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Since then, a $1.6 million renovation of the New American Shakespeare Tavern and a $1.4 million overhaul by 7 Stages are the closest any independent Atlanta theater groups have come to Woodruff-sized improvements. But arts consultant Arthur Brooks argues that blaming the Orly crash and the Woodruff's fund raising acumen for the currently anemic condition of the local arts community misses the point somewhat.
Yes, the crash wiped out a generation of wealthy arts patrons in one day, but the constituency of the group that was lost -- old-money, old-school white folks -- no longer represents the kind of philanthropy that's needed to bridge the demographic gaps facing our city, says Brooks, a former Georgia State University professor and the co-author of last year's "The Arts Economy in 20 Cities: Where Does Atlanta Stand?" As the title suggests, the study compared support for the arts in Atlanta with other cities and found us wallowing near the bottom, both in terms of financial grants and ticket sales.
Certainly, the Woodruff has made it all too simple for corporations to sign a check and claim they did their part for the arts. (Only last month, the Woodruff Foundation gave the center -- with which it shares a name but no organizational ties -- $25 million toward a planned $100 million expansion of the High.)
With its well-oiled fund-raising operations, its high public profile and a publicity machine practiced at giving deep-pocketed donors the biggest PR bang for their buck, the Woodruff takes the risks and guesswork out of giving to the arts, something many CEOs and grant writers appreciate.
A donation to the Woodruff also requires no time-consuming research to determine who's artistically deserving, who most needs the money or who might embarrass your shareholders by using their funds to hang elephant dung on the wall and call it art.
As new Woodruff communications director Kathleen Smith puts it: "We tell people when they support us, they're supporting Atlanta."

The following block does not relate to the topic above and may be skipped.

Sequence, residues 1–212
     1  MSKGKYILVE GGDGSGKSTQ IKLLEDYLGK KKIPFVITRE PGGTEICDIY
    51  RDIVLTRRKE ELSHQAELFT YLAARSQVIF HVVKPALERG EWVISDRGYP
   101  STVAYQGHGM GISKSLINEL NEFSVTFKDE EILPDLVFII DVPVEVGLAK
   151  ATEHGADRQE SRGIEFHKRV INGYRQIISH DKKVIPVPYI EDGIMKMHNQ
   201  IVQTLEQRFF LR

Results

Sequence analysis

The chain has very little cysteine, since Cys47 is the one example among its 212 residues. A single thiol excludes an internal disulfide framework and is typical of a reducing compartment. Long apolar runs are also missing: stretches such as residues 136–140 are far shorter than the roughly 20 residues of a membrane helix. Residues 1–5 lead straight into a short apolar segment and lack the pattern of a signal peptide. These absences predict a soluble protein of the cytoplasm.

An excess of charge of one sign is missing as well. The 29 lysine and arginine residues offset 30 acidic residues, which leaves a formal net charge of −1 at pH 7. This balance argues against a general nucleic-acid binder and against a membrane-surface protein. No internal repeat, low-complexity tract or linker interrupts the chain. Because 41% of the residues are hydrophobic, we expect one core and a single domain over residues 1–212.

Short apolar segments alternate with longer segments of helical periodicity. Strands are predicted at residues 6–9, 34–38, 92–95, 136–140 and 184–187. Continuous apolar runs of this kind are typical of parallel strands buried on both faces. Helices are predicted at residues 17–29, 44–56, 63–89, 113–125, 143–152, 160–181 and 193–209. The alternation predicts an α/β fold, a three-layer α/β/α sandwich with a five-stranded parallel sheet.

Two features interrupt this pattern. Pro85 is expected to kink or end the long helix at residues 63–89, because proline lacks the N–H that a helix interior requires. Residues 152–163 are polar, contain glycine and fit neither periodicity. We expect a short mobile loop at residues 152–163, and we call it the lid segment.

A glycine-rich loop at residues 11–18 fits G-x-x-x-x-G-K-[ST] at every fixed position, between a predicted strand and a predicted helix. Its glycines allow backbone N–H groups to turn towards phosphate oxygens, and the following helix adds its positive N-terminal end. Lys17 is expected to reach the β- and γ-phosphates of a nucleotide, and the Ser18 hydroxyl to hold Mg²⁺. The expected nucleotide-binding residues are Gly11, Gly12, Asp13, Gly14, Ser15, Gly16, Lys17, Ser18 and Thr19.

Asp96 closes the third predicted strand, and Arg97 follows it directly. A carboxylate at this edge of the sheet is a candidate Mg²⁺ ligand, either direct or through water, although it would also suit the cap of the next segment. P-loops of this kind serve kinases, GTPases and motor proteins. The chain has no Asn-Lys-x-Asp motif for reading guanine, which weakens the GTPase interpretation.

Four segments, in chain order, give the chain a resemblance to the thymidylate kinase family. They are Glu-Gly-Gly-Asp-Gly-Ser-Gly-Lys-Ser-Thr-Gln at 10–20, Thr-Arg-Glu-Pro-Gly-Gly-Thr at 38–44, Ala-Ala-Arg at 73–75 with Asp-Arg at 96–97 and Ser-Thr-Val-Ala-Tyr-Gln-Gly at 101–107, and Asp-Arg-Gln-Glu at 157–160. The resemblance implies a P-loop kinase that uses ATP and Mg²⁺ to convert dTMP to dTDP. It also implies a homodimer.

And that's just the problem, says Sanford, the former Fulton arts council chief. "A city Atlanta's size should be ashamed it's giving all its attention to four institutions," she says. "It's unfortunate that many people think all there is to the arts in Atlanta is the Woodruff, and the [Atlanta Journal-Constitution] advances that idea."
Certainly, that was Teodoro Maus' perception when he relocated here as Mexico's consul general. "When I arrived in Atlanta," says Maus, now a member of the Georgia Council for the Arts, "I gave money to the High and the Alliance until I discovered all these other arts groups that were doing great work but struggling to get by; I started supporting them instead."
As Maus learned, great work alone wasn't paying the electric bill. Indeed, Atlanta's veteran directors have discovered that critical acclaim and box-office success can lift you only so high until you bump your head on what the iconoclastic Sean Daniels describes as "sort of a glass ceiling" beyond which further growth seems unattainable.
The Dad's Garage founder calls the affliction "7 Stages-itis," with apologies to that theater's well-respected founder, Del Hamilton. Hamilton, Daniels says, is heralded as a theatrical savant in France for his work with the newest, edgiest international playwrights. In Atlanta, that and $4.75 will get him a cup of coffee at Starbucks.
Among arts organizations and even other nonprofit groups, there's the palpable feeling that the Woodruff Arts Center and its four divisions -- the Alliance, the Atlanta Symphony Orchestra, the High Museum and the Atlanta College of Arts -- are funding hogs, draining the trough so as to leave smaller groups undernourished.
Ned Rifkin, who left as director of the High in 1999 to take charge of the smaller Menil Collection in Houston, says he frequently was made aware of this unspoken undercurrent. "When I would meet with other arts leaders and even groups like the zoo and Atlanta Botanical Garden, I felt there was a ripe resentment of the High, that it took more than its share of the money."
"Nobody wants to talk about it because they don't want to piss off powerful people and get screwed," explains a local arts leader who asked not to be named so as not to get screwed, "but most people in the arts scene believe it's true."
When Maus ponders the challenges facing Atlanta's arts community, his mind drifts back to a single naked breast.
As Mexican consul general, he had pushed for a Latino component to the planned Cultural Olympiad. The result was 1993's "Mexico! A Cultural Tapestry," a months-long, metro-wide festival showcasing dozens of performances and exhibits from South of the Border. Maus was thrilled at the chance to expose his adopted city to his native country's culture, but mindful that exposure has its limits. When an all-female modern dance group came to town with a piece in its repertoire that it typically performed topless, Maus discreetly suggested the dancers cover up.
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